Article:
DRAFT #2 of a poem
by Therese L. Broderick
for project Breathing These Words
Albany, New York (USA)
~ to give birth (literally, to give light)
Tonight I pledge to this venerable address
My words, las palabras, my voice, la voz.
Let us assemble a front porch shrine,
nuestro santuario: shining gold or silver
Picture frames that harbor silhouettes
Of immigrant couples who braced
These rooms, stairwells, porches, roofs,
Who died in front parlors, who gave birth
To children in wallpapered third-story
Bedrooms. Let us offer a yellow ribbon
For every soldier who kissed his mother
Goodbye from the sidewalk; and for every warrior
Missing in action, let us hold a vase cut
From crystal, or a bottle of brown blown glass
Filled with tap water and the blossoming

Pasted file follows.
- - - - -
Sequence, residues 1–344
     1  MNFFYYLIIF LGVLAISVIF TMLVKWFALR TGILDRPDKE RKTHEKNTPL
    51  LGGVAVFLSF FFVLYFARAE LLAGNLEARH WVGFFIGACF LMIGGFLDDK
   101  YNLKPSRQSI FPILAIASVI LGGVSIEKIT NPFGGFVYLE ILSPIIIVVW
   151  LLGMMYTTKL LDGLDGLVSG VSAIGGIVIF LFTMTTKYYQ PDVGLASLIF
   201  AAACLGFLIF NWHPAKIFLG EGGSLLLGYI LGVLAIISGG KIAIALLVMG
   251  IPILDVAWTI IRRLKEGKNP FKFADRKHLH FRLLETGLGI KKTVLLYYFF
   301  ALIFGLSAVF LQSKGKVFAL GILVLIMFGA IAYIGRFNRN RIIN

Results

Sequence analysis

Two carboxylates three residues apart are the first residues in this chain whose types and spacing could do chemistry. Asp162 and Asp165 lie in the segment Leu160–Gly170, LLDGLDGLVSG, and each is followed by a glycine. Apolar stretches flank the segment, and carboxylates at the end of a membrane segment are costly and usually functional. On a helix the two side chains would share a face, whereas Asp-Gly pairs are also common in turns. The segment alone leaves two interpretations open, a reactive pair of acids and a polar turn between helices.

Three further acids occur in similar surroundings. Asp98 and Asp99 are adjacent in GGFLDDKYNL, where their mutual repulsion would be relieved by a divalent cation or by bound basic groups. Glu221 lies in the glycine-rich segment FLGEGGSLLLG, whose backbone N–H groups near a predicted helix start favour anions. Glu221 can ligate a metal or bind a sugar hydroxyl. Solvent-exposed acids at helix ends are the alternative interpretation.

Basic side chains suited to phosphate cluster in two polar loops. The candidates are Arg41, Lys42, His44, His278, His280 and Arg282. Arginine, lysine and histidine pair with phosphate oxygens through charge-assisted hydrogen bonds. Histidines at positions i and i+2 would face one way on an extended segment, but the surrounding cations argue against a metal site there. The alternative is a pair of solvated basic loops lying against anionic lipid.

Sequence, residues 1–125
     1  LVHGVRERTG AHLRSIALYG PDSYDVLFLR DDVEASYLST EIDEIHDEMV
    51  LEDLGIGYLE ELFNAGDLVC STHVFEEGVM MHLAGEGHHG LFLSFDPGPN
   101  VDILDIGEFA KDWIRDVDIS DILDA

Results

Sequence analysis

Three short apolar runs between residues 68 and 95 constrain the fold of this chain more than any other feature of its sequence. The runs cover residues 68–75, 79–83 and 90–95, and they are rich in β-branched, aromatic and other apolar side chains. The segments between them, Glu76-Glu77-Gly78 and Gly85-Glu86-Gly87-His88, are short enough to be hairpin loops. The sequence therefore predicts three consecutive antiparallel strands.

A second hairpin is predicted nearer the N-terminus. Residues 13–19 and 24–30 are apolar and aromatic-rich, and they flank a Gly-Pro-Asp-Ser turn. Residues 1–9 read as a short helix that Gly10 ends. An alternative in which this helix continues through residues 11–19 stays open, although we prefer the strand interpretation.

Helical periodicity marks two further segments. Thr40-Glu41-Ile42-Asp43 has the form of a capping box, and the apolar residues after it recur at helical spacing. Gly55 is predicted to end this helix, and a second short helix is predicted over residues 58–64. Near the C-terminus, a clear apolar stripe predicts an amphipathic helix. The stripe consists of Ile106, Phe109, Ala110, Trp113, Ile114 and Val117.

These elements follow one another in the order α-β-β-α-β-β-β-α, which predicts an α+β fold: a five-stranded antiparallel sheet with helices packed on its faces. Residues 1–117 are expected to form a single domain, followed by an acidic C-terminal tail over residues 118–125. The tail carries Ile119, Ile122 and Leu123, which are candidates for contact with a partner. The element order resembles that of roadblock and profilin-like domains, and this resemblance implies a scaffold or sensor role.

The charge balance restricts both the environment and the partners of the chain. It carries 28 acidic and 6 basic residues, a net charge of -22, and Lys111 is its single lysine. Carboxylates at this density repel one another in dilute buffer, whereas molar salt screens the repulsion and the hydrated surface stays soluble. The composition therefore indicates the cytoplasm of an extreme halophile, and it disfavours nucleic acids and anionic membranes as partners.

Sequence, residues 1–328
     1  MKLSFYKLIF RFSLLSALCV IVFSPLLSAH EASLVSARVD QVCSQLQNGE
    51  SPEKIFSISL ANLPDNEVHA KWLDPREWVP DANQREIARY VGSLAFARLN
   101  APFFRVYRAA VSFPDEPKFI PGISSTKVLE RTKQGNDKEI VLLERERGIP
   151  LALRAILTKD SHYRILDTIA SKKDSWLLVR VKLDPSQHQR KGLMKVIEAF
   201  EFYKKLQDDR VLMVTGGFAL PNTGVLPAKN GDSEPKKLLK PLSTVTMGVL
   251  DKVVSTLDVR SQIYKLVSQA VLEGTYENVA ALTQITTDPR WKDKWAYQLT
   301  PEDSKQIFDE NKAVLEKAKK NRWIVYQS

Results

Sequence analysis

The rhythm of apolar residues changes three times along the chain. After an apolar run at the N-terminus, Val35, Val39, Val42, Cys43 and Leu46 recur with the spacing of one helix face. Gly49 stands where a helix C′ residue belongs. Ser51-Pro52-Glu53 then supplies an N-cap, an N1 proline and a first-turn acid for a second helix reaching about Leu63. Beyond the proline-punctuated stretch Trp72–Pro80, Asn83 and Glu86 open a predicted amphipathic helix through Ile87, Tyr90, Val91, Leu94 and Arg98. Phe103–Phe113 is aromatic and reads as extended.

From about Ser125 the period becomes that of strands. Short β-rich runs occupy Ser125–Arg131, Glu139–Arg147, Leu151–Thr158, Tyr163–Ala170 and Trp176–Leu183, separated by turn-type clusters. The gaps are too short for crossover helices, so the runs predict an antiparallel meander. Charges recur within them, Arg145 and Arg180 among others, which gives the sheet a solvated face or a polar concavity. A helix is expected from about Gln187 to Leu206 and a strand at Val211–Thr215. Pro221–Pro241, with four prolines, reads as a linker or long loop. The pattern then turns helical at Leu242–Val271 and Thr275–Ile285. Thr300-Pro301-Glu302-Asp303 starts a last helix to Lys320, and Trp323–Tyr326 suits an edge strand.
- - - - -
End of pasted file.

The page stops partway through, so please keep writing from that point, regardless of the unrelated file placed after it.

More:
Stems of storm cellar roses.
Here I stand. Here you stand. We face
A vacant threshold, the sealed front door
To a once-upon-a-time dwelling—
Yesterday’s casa con vistas. But this evening
windows are brightening with lullabying
Light bulbs, smooth tubes, their soft throats
Pulsing bright & dim, breathing along
With the blinkers of overhead passenger planes,
With the flaring greens of lightning bugs
Who skim the grassy lots flowing
From the Hudson to the Mohawk rivers,
From the Normanskill to the Poestenkill.
Let us lay here a notebook of scrawled recipes
For every newlywed wife who had to flee
Another burning row house, leaving behind
Her grandmother’s first cookbook; and let us
Set down a hand-stitched doll or rubber ball
For every child who ever yearned to crawl,
Stand, walk, run, skip, hopscotch, or jump over
Ropes held taught by friends from down the alley.
Let us be quiet, too—un silencio nocturno
Inviting the placid moon, la luna de paz
Phase by phase to occupy this evening’s cradles.
Welcome mats, door wells, window sills, altars.